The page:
T’is the season to be kind to your server, be in awe of skilled chefs, and menu-hop to your heart’s content. Where will you go this year?

Ready? Set! Dine out!

Here are some of our favourite menus this year:

In the $20 category:

Timber

A different main dish every day of the week! From Timber beer steamed mussels to a Sunday Bison Roast, you’ll want to be here every day.

In the $30 category:

Campagnolo 

How to make BC product taste like a little restaurant in Italy? These folks know. Nona’s meatballs? Local Farro risotto? Chocolate cake with pistachio? Yes, please.

 

Edible Canada

With a staggering six appies and six entrees to choose from, you’ll need to bring five friends to sample this delicious corner of New Canadian cuisine.

In the $40 category:

Acorn

With offerings like Kimchi Forbidden Rice, Chamomile Spiced Cheese Pumpkin Soup, and Hay Smoked Cavatelli, they take vegetable-forward Dine Out to a whole new level.

 

Homer Street Cafe and Bar

With a beautifully elegant menu, Homer St. is open for lunch and dinner! Don’t forget the BC wine pairings, to go with your chicken rillettes and your baked gnudi.

 

 

 

Volunteer Feature: Amy McCabe from BC Place

December 15, 2017

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Our chef volunteers are not all chefs! Case in point, Amy McCabe, Marketing & Communications/Business Coordinator for BC Place:

How did you hear about Growing Chefs?

Jaydeen from the Growing Chefs! team contacted me to request that the BC Place roof light up green for Giving Tuesday (we light up different colours to promote events and awareness campaigns).

What made you want to volunteer?

I loved the idea of Growing Chefs! – working with children, teaching them such important lessons about healthy food, urban agriculture, and sustainability, plus learning from the other volunteers! I had wanted to volunteer for a while and Growing Chefs! seemed like the perfect fit!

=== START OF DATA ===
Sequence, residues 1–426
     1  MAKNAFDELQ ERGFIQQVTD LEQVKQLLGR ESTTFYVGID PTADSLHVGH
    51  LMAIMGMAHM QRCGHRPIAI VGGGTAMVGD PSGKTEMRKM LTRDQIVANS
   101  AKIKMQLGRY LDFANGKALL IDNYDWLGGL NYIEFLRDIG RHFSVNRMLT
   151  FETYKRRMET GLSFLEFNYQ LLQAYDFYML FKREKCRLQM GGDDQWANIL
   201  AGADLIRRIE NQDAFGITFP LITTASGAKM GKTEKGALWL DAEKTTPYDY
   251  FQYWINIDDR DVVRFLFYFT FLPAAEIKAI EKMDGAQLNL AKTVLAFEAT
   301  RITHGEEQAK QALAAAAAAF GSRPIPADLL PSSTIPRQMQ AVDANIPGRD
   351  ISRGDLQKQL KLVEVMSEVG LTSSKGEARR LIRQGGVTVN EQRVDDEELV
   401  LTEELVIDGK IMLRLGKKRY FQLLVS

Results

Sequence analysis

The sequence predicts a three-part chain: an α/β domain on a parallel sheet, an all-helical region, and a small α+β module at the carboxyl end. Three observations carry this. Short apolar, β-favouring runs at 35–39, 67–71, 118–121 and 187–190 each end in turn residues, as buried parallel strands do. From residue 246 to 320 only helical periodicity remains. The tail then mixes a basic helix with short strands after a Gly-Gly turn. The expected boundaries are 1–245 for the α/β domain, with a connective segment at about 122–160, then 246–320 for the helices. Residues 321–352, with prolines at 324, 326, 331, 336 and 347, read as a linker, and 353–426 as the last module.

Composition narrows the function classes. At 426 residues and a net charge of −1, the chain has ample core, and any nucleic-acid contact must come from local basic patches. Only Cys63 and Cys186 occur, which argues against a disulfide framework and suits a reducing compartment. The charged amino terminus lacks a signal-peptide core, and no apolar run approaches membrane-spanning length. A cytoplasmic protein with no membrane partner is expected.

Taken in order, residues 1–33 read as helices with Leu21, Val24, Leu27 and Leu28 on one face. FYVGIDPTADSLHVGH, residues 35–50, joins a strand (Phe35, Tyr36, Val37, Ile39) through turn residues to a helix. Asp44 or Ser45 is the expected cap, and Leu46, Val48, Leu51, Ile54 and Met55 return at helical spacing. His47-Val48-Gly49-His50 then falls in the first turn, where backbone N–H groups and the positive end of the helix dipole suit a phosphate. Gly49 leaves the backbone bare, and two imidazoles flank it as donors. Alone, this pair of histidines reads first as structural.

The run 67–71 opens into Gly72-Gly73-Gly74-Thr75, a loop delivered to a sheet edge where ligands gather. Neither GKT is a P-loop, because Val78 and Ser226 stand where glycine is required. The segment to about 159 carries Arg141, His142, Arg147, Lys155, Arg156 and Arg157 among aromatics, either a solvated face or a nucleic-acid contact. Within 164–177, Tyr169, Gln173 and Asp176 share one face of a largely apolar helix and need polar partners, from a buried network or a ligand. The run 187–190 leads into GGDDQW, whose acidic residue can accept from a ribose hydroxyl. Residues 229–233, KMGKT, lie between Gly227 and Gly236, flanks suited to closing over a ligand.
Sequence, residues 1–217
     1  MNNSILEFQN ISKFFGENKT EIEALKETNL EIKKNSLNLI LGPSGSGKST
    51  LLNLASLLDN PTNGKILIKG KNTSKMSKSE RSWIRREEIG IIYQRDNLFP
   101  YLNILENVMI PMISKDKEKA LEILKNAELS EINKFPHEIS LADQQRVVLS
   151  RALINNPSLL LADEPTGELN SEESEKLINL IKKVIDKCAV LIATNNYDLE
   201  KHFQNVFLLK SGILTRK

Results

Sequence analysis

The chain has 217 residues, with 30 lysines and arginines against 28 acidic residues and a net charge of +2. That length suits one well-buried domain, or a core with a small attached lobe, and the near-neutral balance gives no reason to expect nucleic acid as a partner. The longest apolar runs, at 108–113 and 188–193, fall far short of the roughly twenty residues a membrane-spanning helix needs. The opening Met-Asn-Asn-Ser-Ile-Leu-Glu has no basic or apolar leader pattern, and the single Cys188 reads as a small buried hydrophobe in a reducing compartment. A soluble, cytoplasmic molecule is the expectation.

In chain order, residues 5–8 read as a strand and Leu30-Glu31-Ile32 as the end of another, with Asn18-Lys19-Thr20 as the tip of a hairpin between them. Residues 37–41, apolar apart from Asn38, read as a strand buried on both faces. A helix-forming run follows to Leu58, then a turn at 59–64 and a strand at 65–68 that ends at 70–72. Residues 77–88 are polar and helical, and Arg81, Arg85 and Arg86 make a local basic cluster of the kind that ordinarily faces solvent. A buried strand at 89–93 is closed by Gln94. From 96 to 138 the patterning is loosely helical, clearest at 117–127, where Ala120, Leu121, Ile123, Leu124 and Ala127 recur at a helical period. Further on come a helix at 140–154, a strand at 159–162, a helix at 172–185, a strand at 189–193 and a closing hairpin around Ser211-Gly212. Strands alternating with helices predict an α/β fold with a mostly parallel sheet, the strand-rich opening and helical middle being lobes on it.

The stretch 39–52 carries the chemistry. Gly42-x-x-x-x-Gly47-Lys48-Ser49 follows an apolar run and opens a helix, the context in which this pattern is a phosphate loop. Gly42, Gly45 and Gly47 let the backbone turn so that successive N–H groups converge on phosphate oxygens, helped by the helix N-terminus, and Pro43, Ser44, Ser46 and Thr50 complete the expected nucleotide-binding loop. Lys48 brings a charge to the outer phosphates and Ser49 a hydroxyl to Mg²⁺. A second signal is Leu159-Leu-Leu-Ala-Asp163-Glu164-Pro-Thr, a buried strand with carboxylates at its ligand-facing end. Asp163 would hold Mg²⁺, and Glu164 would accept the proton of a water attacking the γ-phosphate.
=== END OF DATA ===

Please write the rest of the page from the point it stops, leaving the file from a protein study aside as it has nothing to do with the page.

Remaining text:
What lesson/activity was your favourite to deliver?

I really enjoyed the lesson where everyone brought in different vegetables and the class tried them all! Some kids were so brave – trying raw garlic, celeriac, raw fennel etc. It was pretty impressive and awesome to see the kids so enthusiastic about veggies they’d never heard of!

How do the kids react to the chefs being in their classroom?

The kids were super welcoming! They treated us like celebrities each week! It was heartwarming to see that they were so eager to participate in each lesson and learn what we had to share with them.

What did YOU learn from your volunteer experience?

Not working in the food industry, it was a bit daunting signing up for this, but that didn’t matter at all! Working with the other chefs was great because I learned so much from them – picked up a few tips on growing veggies in my apartment, and also learned a few new vegetable names! I was lucky to work with a vegan chef, so I also picked up a few tips from him on living more of a plant-based lifestyle (thanks, Chef Matt!).

What would you say to someone who is considering becoming a volunteer?

DO IT! Growing Chefs! is an amazing organization and program. The team makes everything so easy, and each lesson is so well planned – it’s foolproof! For minimal time commitment, the reward is huge.

Thank you so much Amy for your time and talent!

Click here to sign up to be a volunteer!

Donor Profile: CIBC

December 14, 2017

CIBC_CR_2C_RGBWe have been receiving the generous support from CIBC since 2015. We recently caught up with Chris Stuart, Executive Director- Equity Trading- World Markets, to chat about their generosity, and to find out more about CIBC Miracle Day.

Chris, thanks so much for spending this time with us. What about Growing Chefs! resonates with CIBC?

CIBC recognizes the value in investing in youth. We think this program is a great to help children learn and make smart decisions about their diets today and in the future, as well as provide them with a unique set of life skills (gardening basics, cooking, menu planning etc.)